The Sweetback Sisters Make a Long-Awaited Return to Their Favorite Brooklyn Honkytonk
The Sweetback Sisters don’t play as many New York shows as they used to, which means that the badass twin-female-fronted oldschool honkytonk and Americana band should draw an especially good crowd to their June 17, 9 PM show at the Jalopy. Cover is $15; get there early. It’s the Jalopy, after all, so the pre-show hangout comes without all the hassles and high prices you get at so many other venues.
The last time this blog caught the band, it was almost a couple of years ago – damn, how time flies – out back of City Winery. Co-bandleader/singer/multi-instrumentalist Zara Bode had relocated to San Francisco, away from her counterpart, fiddler/guitarist Emily Miller, so this was a heartwarming reunion of sorts. Bode took the smoky low harmony against Miller’s soaring high one on a spirited, syncopated western swing number to open the show. Then they took that style, and the energy, to redline with the scampering, catchy Texas Bluebonnets, packed with all sorts of neat tradeoffs between fiddle and electric guitar. Looking back, it’s impossible to remember exactly who the personnel onstage were, other than the frontwomen; previous lineups have featured bassist Peter Bitenc, drummer Stefan Amidon, fiddler Jesse Milnes and ferocious lead guitarist Ryan Hommel.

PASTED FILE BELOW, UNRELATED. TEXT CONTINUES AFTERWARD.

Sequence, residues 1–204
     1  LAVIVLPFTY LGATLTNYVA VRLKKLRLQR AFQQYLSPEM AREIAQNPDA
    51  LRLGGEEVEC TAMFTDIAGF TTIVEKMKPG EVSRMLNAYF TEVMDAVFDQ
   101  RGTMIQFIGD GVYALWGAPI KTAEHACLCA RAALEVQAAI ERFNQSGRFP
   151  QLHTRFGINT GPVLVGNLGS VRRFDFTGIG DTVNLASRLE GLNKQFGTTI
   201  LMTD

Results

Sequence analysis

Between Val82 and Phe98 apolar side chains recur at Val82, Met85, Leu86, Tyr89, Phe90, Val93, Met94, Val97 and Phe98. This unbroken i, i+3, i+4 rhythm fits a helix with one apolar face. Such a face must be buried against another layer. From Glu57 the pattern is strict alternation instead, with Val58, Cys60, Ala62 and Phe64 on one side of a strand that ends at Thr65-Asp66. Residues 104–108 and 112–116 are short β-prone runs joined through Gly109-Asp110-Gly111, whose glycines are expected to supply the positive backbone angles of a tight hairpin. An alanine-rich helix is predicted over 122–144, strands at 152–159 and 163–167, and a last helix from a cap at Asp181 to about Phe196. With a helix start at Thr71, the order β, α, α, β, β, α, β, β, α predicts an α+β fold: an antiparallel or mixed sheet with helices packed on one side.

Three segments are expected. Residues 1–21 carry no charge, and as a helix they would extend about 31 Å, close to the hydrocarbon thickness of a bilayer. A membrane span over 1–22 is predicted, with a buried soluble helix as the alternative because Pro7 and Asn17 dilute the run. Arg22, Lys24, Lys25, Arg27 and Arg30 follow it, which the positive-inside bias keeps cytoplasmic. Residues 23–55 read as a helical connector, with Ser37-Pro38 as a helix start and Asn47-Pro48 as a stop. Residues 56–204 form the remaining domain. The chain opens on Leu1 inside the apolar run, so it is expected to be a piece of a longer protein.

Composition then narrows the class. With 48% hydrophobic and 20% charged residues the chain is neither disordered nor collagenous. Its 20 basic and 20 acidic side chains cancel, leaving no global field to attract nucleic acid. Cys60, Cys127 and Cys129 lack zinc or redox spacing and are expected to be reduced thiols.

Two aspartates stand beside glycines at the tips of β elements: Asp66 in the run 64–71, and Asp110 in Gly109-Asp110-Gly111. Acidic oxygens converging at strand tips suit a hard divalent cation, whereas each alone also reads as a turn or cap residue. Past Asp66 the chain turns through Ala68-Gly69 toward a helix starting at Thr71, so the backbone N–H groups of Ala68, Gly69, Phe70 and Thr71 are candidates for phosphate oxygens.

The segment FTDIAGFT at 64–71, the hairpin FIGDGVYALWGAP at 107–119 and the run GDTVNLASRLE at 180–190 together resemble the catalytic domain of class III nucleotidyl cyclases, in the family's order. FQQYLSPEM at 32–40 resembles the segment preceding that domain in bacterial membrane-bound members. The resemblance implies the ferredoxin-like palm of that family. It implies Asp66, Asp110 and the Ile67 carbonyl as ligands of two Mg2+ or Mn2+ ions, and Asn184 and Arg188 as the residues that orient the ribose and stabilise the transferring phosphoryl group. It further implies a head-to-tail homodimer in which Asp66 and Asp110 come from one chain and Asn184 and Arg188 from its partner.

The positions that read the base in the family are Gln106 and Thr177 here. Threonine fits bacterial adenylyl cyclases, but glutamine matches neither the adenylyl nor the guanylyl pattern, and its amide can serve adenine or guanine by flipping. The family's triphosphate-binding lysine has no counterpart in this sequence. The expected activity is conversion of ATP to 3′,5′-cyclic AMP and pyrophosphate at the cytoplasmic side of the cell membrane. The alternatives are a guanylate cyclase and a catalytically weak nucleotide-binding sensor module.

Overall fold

Bode again took centerstage on a defiantly jazz-tinged strut through It’s All Your Fault, with a simmering rockabilly solo from the lead player. Miller took over lead vocals on You’re Gonna Miss Me, an energetic, poignant, swinging 1950s-style C&W number: the Jingle Bell Rock quote from the lead player was pricelessly funny. Then they swung their way through a snarling take of Looking for a Fight, the title track to their 2012 cult favorite album.
Next on the bill was a slow, vengeful, blue-flame waltz, followed by a brisk Texas shuffle. It Won’t Hurt (When I Fall Down from This Barstool) was as irresistibly fun, and just as pissed-off, a salute to both the curative and destructive powers of whiskey. They swung a high-energy take of Hank Williams’ Lovesick Blues by the tail, then scampered through a lickety-split kiss-off anthem. Then they brought things down with the morosely echoey, clangingThe King of Killing Time, bringing to mind early Willie Nelson. The Sweetback Sisters’ take on honkytonk isn’t cry-in-your-beer music: it’s a middle finger smack in the face of bad times, bitter lemons distilled into spiked lemonade. It’ll be awfully cool to see what else the band has come up with since then.